In this year alone – from Sri Lanka to Sierra Leone, California to the Caribbean, and Mexico to Madagascar – drought, hurricanes, floods, earthquakes, landslides and wildfires have wreaked havoc on lives and livelihoods.
Today, the International Day for Disaster Reduction is an opportunity to take a step back from the headlines and reflect on the human impact of disasters and what we can do to mitigate the misery they visit upon millions.
The theme of this year’s day is “home safe home”, which captures the essence of what is at stake, and belies the reality of the 26 million people who are displaced each year by natural disasters. On average, every second of every day, a natural disaster forces someone to flee the safety of their home. Such an act of survival is often accompanied by the loss of a livelihood and the disintegration of a community, stability and well-being.
The trend is well-established, yet the story remains the same. If we are to see an end to such needless suffering, governments must embrace policies that reduce the risk of disaster risk – as opposed to simply responding after the fact.
While received wisdom suggests that disasters strike without warning, there is now a clear understanding of how poverty, rapid urbanization, weak governance, climate change, environmental degradation and the decline of ecosystems interact to increase disaster risk around the world.
Environmental degradation and poor management make natural disasters both more likely, and more serious. The degradation of forests, wetlands, and other ecosystems poses a double threat: It increases the risk of disasters, and it makes communities much more vulnerable to their effects.
Meanwhile, climate change is already driving people from their homes, a phenomenon that is likely to become more pronounced in the years ahead. Drought and desertification, rising sea levels, climate-driven natural disasters and competition for resources may push ever more people to migrate. The International Panel on Climate Change predicts that climate mobility will become a defining humanitarian and development issue in the years ahead.
The interlacing trends of climate change, population growth, rising consumption, large infrastructure projects and environmental degradation may lead to greater numbers of people displaced in future. This is particularly likely if these trends occur in the context of inadequate responses from governments and the international community to build the resilience of countries and communities to these changes. The most commonly cited figure is that there could be as many as 200 million people displaced for environmental reasons by 2050.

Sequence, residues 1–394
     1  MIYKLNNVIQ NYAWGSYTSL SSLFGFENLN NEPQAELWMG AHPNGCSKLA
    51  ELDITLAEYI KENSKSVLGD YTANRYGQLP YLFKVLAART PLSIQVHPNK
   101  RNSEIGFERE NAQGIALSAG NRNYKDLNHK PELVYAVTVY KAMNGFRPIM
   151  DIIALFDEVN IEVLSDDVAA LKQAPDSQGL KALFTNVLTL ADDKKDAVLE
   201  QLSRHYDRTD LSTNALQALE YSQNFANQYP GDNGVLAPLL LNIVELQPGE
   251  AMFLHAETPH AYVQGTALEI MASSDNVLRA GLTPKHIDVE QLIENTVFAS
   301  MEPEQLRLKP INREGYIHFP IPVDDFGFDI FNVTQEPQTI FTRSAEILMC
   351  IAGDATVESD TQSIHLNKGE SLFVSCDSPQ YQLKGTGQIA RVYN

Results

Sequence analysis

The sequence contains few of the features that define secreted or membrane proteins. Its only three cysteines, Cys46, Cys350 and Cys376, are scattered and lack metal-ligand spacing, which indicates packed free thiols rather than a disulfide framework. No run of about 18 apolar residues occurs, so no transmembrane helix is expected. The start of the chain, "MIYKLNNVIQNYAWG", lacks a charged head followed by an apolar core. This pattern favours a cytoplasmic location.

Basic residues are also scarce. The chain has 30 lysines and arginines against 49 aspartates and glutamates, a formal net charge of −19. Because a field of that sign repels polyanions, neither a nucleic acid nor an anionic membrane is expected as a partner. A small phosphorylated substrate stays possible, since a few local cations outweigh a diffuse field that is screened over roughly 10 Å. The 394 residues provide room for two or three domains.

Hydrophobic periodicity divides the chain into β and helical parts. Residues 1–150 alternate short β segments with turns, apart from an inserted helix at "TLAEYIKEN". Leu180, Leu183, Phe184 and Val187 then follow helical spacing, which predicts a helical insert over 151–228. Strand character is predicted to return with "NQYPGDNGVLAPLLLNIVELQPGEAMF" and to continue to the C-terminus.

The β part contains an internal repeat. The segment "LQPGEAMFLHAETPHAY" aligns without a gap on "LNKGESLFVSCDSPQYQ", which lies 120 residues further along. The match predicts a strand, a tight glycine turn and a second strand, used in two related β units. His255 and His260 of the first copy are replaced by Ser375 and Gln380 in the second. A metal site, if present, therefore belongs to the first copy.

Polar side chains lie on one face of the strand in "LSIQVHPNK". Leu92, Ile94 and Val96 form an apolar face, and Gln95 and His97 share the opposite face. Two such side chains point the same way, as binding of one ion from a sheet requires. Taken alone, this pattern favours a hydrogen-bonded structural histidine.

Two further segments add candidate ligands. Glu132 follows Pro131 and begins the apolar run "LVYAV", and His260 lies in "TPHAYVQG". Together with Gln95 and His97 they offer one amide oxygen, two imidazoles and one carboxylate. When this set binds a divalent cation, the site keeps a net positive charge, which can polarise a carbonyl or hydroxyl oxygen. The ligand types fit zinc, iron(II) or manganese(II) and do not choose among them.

That would mean that, in a world of nine billion people, one in 45 would have been forced from home for environmental reasons, and entire low-lying island territories may have to be abandoned. Addressing such displacement may be the defining environmental challenge of the twenty-first century.
As the understanding of these links has grown, governments have increasingly embraced evidence-based approaches, interdisciplinary strategies and innovative solutions to mitigate disaster risk in all its forms.
International organizations, states and communities are increasingly cooperating to this end. The Sendai Framework for Disaster Risk Reduction is a 15-year, voluntary, non-binding agreement that recognizes that states have the primary role in reducing disaster risk but that responsibility should be shared with other stakeholders including local government, the private sector, civil society and communities. The Framework also calls for dedicated action to tackle underlying disaster risk drivers, such as poverty and inequality.
Both global and regional frameworks can provide an anchor for aspirations and a vision to build on. But without concrete and resolute action from governments, societies and communities to manifest them, such frameworks will decay and crumble. Recognizing that disasters can affect poor and rich countries alike, and that equitable and sustainable development will remain elusive if countries are constantly in recovery mode, the onus for action is on all of us.
With foresight, political will, and in a spirit of cooperation, our collective focus must shift from firefighting to fire prevention if we are to diminish disaster risk and attenuate suffering.
Learn more about UN Environment’s work on disasters and conflicts.